"We’re a Montessori school for adults, learning from each other and with each other," says Alex Bandar ‘05 Ph.D., founder and CEO of the Columbus Idea Foundry.
With the Foundry, a DIY-friendly atmosphere has surfaced in what used to be a giant shoe factory, encouraging and inspiring Columbus residents to get their hands on the ideas they might not get to explore in their usual home and work environments.
The projects at the Columbus Idea Foundry vary across disciplines: here one can easily stumble across 3D printing right next to a blacksmithing shop, or a soap-making station by a table for jewelry design. The Foundry is a place for all different kinds of innovators to come together: “artists, engineers, Web developers, entrepreneurs and everyday hobbyists” are all able to explore and even collaborate on projects together.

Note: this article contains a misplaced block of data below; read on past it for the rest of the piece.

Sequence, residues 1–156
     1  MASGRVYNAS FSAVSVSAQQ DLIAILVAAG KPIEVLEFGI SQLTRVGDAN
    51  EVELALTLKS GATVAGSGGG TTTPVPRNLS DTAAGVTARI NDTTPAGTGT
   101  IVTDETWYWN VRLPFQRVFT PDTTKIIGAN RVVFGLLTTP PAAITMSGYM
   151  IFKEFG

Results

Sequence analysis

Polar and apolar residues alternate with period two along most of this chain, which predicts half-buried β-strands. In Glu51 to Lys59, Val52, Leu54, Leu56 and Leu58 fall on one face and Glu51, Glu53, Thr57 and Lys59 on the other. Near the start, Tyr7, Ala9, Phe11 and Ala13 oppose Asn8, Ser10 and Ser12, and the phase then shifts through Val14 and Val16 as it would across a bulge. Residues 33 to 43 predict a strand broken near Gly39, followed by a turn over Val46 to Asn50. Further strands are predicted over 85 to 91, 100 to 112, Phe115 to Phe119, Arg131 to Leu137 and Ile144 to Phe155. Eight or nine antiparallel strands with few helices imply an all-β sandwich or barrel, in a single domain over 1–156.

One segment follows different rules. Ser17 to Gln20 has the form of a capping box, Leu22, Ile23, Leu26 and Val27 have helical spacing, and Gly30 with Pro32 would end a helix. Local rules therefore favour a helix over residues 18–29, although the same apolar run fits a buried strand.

Keeping the Foundry alive has certainly been a priority, and Bandar, who earned his Ph.D. in materials science and engineering in 2005, has designed a membership plan that has allowed for the project to stay and grow. After paying a $35 monthly fee, members may access the building for separate hourly fees as well as additional work station rentals. Members also purchase mandatory foundry classes, which provide them with safety and training orientation.
According to The Columbus Dispatch, the Foundry hosts numerous public events such as haunted houses and “date-night” packages that allow participants to attend classes and enjoy dinner and drinks from a nearby restaurant. Bandar hopes to soon host field trips for adolescents interested in exploring, and “provide field trips to provide younger would-be “makers” a taste of tools and technology.” Bandar’s project-turned-movement has received widespread support in Ohio, as well as across the country. Mayor Michael B. Coleman has actively promoted the Foundry mission, and Jane Chu, chairwoman of the National Endowment for the Arts, visited the factory last year. The Foundry has received multiple grants, including a $350,000 grant from ArtPlace America, and an $84,000 grant from the Columbus Foundation.